Why taking a long term view can help investors cope with market volatility


While the US’s softer than expected inflation reading on 11th October brought a small flicker of stability to stock market activity, continued concerns over the US/China trade agreements, a tight labour market and rising oil prices are all pointing towards a potentially unsettling time ahead for investment markets.

Furthermore, with inflation responding to activity with long lags, experts predict that the result of the current strong economic activity is likely to be felt through elevated inflation in 2019. With no sign of the trade tensions abating, and the potential for rates in the US to continue to rise, volatility in global equities looks more and more likely as the markets adjust to a lower liquidity and politically-driven world.

It was the US that prompted a tough week for markets, with investors selling off and taking profits on parts of the market that had outperformed the most this year. European investors then followed suit, driven by concerns over the impact of the US/China trade war on European exports, as did emerging markets and Japan, suggesting that sell-off activity was largely concentrated to those exposed to the trade war tensions.

Nathan Mead-Wellings, Director at Finura, comments:

“With the current cloud of political uncertainty looking to stay put at least for the immediate future, it’s not surprising that some investors are concerned about committing money to the market. Predicting short term markets is difficult and returns have always gone up and down, which is why we encourage our clients not to panic and make snap decisions that could cost them in the long term. For the average risk grade 5 investor, the maximum gain and loss over the last 20-year period would have been 27.64% and 19.67 respectively*; those who are willing to absorb short term risk for the potential of longer-term benefit are more likely to achieve their financial and lifestyle goals.”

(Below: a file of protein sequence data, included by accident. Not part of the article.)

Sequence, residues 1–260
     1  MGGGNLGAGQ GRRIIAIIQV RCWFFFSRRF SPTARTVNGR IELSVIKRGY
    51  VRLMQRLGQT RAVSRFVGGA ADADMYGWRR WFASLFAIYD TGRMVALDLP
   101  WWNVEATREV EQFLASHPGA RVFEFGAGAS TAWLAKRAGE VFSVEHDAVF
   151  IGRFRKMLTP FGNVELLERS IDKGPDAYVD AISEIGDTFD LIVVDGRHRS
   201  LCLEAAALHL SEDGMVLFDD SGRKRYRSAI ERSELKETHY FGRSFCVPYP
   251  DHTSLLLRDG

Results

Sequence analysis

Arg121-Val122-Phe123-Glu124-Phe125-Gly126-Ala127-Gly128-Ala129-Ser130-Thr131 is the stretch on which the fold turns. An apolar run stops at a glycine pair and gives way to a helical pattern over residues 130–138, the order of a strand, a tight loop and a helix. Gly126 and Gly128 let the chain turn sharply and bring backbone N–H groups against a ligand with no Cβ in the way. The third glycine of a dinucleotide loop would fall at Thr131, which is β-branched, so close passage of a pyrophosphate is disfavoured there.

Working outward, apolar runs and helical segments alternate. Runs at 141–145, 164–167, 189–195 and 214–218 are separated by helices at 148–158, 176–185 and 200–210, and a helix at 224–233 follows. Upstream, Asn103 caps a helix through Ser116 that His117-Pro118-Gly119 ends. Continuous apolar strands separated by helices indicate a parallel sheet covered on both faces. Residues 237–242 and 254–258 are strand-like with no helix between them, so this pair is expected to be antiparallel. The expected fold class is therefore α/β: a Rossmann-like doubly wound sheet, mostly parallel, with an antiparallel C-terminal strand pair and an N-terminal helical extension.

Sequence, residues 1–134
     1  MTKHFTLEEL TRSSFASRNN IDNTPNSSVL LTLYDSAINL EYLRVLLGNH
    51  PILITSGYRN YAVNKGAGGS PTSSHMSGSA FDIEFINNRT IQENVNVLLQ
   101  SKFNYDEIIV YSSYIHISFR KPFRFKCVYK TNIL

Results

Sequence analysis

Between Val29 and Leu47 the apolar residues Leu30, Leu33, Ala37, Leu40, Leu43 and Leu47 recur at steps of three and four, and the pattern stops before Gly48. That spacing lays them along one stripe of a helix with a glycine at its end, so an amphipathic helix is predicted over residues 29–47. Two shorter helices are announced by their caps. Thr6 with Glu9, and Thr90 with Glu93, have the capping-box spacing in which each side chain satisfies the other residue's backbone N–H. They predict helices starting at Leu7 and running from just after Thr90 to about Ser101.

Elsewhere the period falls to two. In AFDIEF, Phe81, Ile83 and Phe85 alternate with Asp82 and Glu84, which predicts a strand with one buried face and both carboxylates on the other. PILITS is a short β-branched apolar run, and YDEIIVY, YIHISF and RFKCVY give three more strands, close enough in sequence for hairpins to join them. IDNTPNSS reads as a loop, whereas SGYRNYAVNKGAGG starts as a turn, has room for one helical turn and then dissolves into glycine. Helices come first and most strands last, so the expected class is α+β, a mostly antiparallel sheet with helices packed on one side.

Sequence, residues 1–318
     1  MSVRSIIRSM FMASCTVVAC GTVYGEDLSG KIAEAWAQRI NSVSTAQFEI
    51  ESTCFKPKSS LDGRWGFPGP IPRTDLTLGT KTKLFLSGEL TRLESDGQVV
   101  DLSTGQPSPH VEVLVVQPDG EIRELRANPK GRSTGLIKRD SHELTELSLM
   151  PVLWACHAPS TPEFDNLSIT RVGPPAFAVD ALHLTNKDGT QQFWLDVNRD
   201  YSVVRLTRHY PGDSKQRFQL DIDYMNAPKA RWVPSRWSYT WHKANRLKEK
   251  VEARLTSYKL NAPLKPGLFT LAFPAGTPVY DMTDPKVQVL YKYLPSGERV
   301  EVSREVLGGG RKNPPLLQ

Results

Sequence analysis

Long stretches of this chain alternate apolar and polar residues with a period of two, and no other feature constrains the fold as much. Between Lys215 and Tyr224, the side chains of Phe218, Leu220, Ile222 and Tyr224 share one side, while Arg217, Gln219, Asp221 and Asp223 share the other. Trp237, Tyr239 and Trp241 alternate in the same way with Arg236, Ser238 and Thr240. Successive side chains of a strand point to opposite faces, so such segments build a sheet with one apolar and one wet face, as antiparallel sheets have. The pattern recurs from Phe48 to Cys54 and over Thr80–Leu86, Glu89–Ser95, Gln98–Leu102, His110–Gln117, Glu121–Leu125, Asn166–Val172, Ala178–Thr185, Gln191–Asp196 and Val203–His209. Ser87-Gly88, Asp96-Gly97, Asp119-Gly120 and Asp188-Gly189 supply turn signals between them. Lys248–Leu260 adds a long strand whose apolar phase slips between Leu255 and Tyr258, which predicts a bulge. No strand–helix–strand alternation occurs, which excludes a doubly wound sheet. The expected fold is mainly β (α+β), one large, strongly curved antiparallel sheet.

As humans, when we hear the word volatility, our natural reaction may be to err on the side of caution. However, by better understanding what kind of investors we are, the better prepared we can be when it comes to making decisions relating to our investments. Nathan continues:

“At Finura, one of our core approaches to financial planning is to use behavioural finance techniques to help our clients uncover the drivers behind their financial decision making. Through identifying these biases or tendencies, we can use this insight to develop a solution that puts analysis ahead of instinct and that fits with our clients as an individual. That said, for clients who are concerned about the impact of current volatility, there is a number of more cautious fund options out there that may better suit their risk profile.”

For more information on how current market activity may affect your investments, please contact your Finura adviser.

*Fusion Wealth.

Further reading:
Why investors should be prepared for volatility
How diversification can help achieve your long-term goals
Understanding how market volatility can create opportunities

Articles on this website are offered only for general informational and educational purposes. They are not offered as and do not constitute financial advice. You should not act or rely on any information contained in this website without first seeking advice from a professional. Capital is at risk; investments and the income from them can fall as well as rise.


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